[Editor's note: The 20-year effort to create modern treaties between B.C. First Nations and the federal and provincial governments has not produced many agreements. Underlying the challenge are complex structural relationships between First Nations that more than a century of colonial influence has aggravated. This four-part series by Carly Wignes looks at the deep tension one potential treaty has created, how others have succeeded, and the complex history that makes it so difficult to redress longstanding inequity.]
Gilbert Malcolm Sproat admitted that he was not prepared for what he discovered as he travelled throughout British Columbia in 1878. "Places very dear to the Indians had been taken from them," Sproat wrote to his superiors in Ottawa. "In several instances they had been deprived of their cultivated fields without compensation." The B.C. and Dominion governments had jointly set up an Indian Land Reserve Commission to resolve the many land disputes that flared throughout the province between the First Nations and settlers. As the sole commissioner, Sproat toured the province to allocate land on which indigenous people would live, separated from the incoming settler population.
Did he and his predecessors have any idea of the implications their decisions would have more than a century later?
Before European contact in the New World, families and tribes along the West Coast often moved from one area to another according to the seasons and the availability of food they harvested throughout the year. Usually, families shared territory for harvesting, hunting, fishing and gathering with members of their extended family tree, which served as the basic social unit for First Nations. But when the Dominion government created reserves and band councils, huge indigenous nations were broken into smaller administrative units that split communities and families apart and created the foundation for new social and political structures with which First Nations from younger generations would identify.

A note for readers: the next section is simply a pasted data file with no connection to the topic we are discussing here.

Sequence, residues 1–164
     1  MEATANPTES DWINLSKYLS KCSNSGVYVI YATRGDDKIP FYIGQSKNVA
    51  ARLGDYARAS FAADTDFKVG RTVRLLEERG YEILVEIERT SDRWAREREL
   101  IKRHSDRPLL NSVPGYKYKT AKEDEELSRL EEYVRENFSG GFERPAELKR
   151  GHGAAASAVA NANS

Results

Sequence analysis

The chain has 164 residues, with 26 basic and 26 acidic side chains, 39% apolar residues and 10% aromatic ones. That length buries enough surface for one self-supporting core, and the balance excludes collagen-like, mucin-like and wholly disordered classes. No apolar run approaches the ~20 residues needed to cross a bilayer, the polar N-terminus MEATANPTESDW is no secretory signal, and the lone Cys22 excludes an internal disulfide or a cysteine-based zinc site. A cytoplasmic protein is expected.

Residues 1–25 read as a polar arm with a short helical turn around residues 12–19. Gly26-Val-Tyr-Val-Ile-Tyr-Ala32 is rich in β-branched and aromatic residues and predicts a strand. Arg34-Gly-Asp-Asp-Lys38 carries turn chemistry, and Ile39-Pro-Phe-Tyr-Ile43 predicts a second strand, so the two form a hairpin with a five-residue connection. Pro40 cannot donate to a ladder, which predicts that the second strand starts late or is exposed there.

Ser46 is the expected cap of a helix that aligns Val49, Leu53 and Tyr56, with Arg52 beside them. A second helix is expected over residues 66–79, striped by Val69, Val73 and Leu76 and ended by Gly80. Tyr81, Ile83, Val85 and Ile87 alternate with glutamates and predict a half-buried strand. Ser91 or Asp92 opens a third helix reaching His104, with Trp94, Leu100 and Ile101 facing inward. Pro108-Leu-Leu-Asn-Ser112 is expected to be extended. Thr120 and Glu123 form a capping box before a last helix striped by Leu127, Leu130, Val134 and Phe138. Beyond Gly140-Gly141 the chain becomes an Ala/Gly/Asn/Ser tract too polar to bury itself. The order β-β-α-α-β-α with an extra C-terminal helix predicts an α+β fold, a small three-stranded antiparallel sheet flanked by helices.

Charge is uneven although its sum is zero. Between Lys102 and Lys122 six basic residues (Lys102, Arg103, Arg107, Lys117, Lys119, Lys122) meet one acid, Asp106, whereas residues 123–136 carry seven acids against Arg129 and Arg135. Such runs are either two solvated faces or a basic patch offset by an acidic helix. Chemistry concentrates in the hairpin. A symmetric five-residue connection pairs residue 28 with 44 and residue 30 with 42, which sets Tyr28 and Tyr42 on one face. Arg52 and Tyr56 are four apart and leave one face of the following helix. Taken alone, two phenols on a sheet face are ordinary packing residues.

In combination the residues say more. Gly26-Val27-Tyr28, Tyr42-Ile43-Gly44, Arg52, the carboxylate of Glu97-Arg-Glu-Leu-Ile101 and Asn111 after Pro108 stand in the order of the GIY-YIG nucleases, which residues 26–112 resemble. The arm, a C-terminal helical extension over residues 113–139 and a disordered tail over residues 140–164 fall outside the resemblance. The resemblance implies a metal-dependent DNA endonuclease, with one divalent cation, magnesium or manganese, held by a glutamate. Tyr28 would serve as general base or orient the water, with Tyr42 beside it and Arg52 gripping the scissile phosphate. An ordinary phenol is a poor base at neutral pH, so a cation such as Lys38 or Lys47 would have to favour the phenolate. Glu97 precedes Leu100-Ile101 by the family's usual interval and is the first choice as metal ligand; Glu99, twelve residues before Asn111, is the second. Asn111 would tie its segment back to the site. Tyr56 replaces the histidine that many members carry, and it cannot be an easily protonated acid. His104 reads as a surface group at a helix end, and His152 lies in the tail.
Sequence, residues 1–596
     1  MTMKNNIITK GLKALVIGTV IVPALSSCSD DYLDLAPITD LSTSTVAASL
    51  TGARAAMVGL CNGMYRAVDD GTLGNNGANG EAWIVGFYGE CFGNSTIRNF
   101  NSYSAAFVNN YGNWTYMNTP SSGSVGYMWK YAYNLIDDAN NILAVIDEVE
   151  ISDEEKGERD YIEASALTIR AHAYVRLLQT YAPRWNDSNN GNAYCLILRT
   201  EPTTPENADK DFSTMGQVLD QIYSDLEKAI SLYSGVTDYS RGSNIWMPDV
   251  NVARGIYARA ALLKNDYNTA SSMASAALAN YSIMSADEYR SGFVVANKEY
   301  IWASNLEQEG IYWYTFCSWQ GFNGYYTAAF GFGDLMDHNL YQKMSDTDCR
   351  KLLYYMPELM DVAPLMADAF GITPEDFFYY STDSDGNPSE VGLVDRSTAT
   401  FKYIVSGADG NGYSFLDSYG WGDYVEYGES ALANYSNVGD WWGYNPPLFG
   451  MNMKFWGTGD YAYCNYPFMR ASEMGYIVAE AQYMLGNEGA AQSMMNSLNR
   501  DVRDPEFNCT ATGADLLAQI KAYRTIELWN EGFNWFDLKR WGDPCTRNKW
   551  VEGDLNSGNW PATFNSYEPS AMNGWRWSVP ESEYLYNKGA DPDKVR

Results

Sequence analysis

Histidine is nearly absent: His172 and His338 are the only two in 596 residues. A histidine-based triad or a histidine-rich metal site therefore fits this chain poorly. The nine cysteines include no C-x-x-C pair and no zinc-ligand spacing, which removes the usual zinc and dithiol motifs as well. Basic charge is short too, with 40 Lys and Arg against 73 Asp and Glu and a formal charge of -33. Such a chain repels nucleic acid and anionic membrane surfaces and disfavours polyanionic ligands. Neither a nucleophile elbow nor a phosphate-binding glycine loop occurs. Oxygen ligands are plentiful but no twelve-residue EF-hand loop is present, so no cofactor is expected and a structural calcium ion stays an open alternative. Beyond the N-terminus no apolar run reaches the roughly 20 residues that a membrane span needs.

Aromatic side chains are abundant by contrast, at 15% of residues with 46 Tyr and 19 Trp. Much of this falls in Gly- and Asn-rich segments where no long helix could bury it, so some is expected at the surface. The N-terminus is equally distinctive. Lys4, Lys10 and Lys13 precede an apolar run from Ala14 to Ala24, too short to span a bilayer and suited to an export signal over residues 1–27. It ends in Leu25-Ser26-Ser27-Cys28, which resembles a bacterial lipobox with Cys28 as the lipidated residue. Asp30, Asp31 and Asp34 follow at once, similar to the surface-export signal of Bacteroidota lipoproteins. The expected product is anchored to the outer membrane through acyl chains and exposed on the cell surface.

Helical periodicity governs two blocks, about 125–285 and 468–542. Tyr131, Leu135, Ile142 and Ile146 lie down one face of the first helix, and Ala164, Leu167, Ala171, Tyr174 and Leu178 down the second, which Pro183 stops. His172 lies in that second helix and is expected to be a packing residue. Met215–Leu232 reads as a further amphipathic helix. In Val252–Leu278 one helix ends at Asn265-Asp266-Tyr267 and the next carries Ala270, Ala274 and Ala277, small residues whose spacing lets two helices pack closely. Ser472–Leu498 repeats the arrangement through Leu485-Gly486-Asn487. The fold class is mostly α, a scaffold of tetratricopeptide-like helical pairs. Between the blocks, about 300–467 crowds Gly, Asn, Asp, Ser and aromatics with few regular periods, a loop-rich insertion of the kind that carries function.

"Community" would be understood not only through traditional kin relationships but also through the permanent reserves or villages that the government created. Later, when the modern treaty process required First Nations to define the specific geographic boundaries of their communities, they faced a difficult choice. They could choose to define their property based on their original reserves and villages or they could broaden the boundaries according to their traditional understanding of property and include the territories that connected people based on their extensive family lineages. Either way, overlapping claims to traditional land were inevitable.
Today, resolving the overlaps is one of the major obstacles to finalizing treaties in British Columbia, and one of the key reasons why just two treaties have been implemented in 20 years. The treaty process does not require a First Nation to prove its land claim using the kind of evidence they would need to present in court. Instead, according to the treaty commission's criteria for the first stage of the process, the description of land that a First Nation claims is supposed to be a "distinct traditional territory that is generally recognized as being their own." But the treaty commission said resolving shared claims over the land has been a "pressing issue" that has "pitted First Nation against First Nation in disputes over jurisdiction in contested traditional territories and over appropriate uses of the land."
Nowhere in British Columbia is this more apparent than among the Coast Salish Nation, whose currently registered 18,000 members are divided into dozens of administrative bands. "The Coast Salish are into now 60 separate bands through colonization, and they're still one nation," said Eamon Gaunt, who works as a treaty analyst for Cowichan Tribes in Duncan. Yet that tribal nation's many First Nations each have a unique identity, administration and history that has developed since their individual band councils were first established. Some historic villages are not populated today by families that have been there for generations. "They might have moved there in the last 50 years," Gaunt said.
Sproat's advice wasn't taken
As settlers came to B.C., the British Crown initially compelled its subjects to reach formal "land surrender" treaties with the several hundred thousand people who inhabited what would become British Columbia. The Royal Proclamation of 1763 directed colonial administrators to negotiate formal treaties with the original inhabitants of the land, as if they were members of other independent countries, to recognize the territorial rights of the indigenous peoples. The newcomers could buy territorial rights through fair negotiations. Ideally, the original inhabitants would get land to live on and certain hunting and fishing rights. Yet while treaties were the norm across the country that was emerging as Canada, few were negotiated in B.C. (Only 14 land settlements were signed in British Columbia when the second governor of Vancouver Island, James Douglas, exchanged cash, clothing and blankets for about 570 square kilometres of land in the early 1850s.)